c. Trace gases

1) Ozone

Total column ozone data were obtained from the NASA Nimbus-7 SBUV instrument from 1979 through 1988, from the NOAA-11 SBUV/2 instrument from January 1989 through August 1994, the NOAA-9 SBUV/2 instrument from September 1994 through June 1997, and from the NOAA-14 SBUV/2 beginning July 1997. Data from the SBUV instruments are only available during daylight viewing conditions; therefore no data are available over polar latitudes during winter. Other sources of ozone data include Dobson spectrophotometer readings and measurements from balloon-borne ozonesondes, both obtained from the NOAA Climate Monitoring and Diagnostics Laboratory (CMDL).

(i) Northern Hemisphere

Total column ozone in the Northern Hemisphere is generally lowest during DecemberMarch (DJFM). During the Northern Hemisphere winter of 1996/97, total column ozone over most of the hemisphere was substantially lower than the 197986 means. The drop in ozone was particularly prominent during March 1997 at high latitudes, when total ozone was 30%- 40% below mean 197986 levels (Fig. 11). Over the United States and northwest Europe ozone values during March 1997 averaged 10%20% lower than the 1979-86 means.

At high latitudes, the large departures in total ozone during DJFM 1996/97 were partly related to extremely low temperatures during FebruaryMarch, in association with a highly amplified polar vortex and polar night jet [see section 2b(2) ]. Temperatures in the lower stratosphere are closely coupled to ozone through dynamics and photochemistry, with temperatures less than ­78°C believed to lead to ozone depletion. These low temperatures contribute to the formation of polar stratospheric clouds (PSCs), which enhance the production and lifetime of reactive chlorine, leading to ozone depletion (WMO/UNEP 1994).

During March, ozone values at Point Barrow, Alaska (71.3°N), the closest U. S. territory to the polar low-ozone region, averaged 388 Dobson Units (DU) (Fig. 12). This value is approximately 6% below the previous ten year average of 413 DU. During the month record low daily total ozone totals were observed on 1718 March, with values dropping below 320 DU each day. These values surpass the previously record low value of 326 DU observed on 22 March 1993, and contrast with a normal year in which Alaska is spared the very low springtime ozone totals typically found throughout northern Europe and Siberia.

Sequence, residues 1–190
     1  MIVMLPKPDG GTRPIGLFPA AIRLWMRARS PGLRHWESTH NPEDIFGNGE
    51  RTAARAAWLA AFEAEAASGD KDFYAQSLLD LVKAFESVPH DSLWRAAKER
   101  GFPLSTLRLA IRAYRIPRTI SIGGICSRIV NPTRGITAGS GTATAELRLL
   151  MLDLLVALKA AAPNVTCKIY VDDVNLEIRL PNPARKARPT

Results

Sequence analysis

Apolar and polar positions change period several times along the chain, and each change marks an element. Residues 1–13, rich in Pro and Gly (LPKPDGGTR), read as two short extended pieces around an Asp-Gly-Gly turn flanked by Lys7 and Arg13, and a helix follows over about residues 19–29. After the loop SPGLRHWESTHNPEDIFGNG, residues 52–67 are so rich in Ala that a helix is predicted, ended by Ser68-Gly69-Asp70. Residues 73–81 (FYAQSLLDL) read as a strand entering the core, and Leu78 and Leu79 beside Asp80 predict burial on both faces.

(ii) Southern Hemisphere

Total column ozone exhibits a well-defined annual cycle in the Southern Hemisphere, with the lowest values typically observed over Antarctica during SeptemberNovember. During October 1997, almost all areas of the hemisphere showed total ozone decreases compared to levels observed during the 197986 period (Fig. 13). The largest decreases occurred over Antarctica and the South Atlantic polar region, where totals averaged 2540% lower than the 1979-86 means.

The "ozone hole," denoted by total ozone concentrations less than 220 DU, is most pronounced over the polar region and typically reaches maximum areal extent during late Septemberearly October. During 1997, the ozone hole developed in late August, with total ozone values dropping to near 100 DU by early October. The areal coverage of the ozone hole exceeded 16 x 106 km² during all of September and October, and reached a maximum of nearly 22 x 106 km² in late September and early October (Fig. 14). This extent of the ozone hole was comparable to that observed throughout the mid-1990s, and was substantially larger than that observed in earlier years such as 1989 and 1990. During 1997, the areal extent of the ozone hole began to diminish in early November and disappeared rapidly during mid-November. This evolution coincided with an increase in daily minimum polar temperatures at 50-hPa (approximately 19 km) from the record and near-record low values observed in late September and October (Fig. 15). This rapid return to higher ozone concentrations during November 1997 contrasted with most other recent years, in which the ozone hole persisted into late November and early December.

A further inspection of ozone concentrations during 1997 obtained from a sounding at the South Pole on 8 October 1997 (Fig. 16) reveals total column ozone concentrations of 112 DU. The sounding also shows a nearly complete destruction of ozone between 14 and 20 km, the largest vertical extent of total depletion observed in the historical record. These conditions contrast with the "pre-ozone hole" period of 1967-71 when no ozone depletion was detected between 1520 km, and with conditions 15 years later (October 1986) when only partial
ozone depletion was observed at these levels.

The record vertical extent of ozone depletion during 1997 likely resulted from the continued increase in stratospheric total reactive halogen, termed "effective equivalent chlorine" (EECl) (Montzka et al. 1996). That study indicates that although EECl has already peaked at the surface, it is not expected to peak in the stratosphere until 199899. Thereafter, the decrease in stratospheric EECl levels is expected to contribute to larger total ozone values over Antarctica, and thus to an overall reduction in the areal extent of the ozone hole during the first decades of the 21st century (Hofmann et al. 1997).

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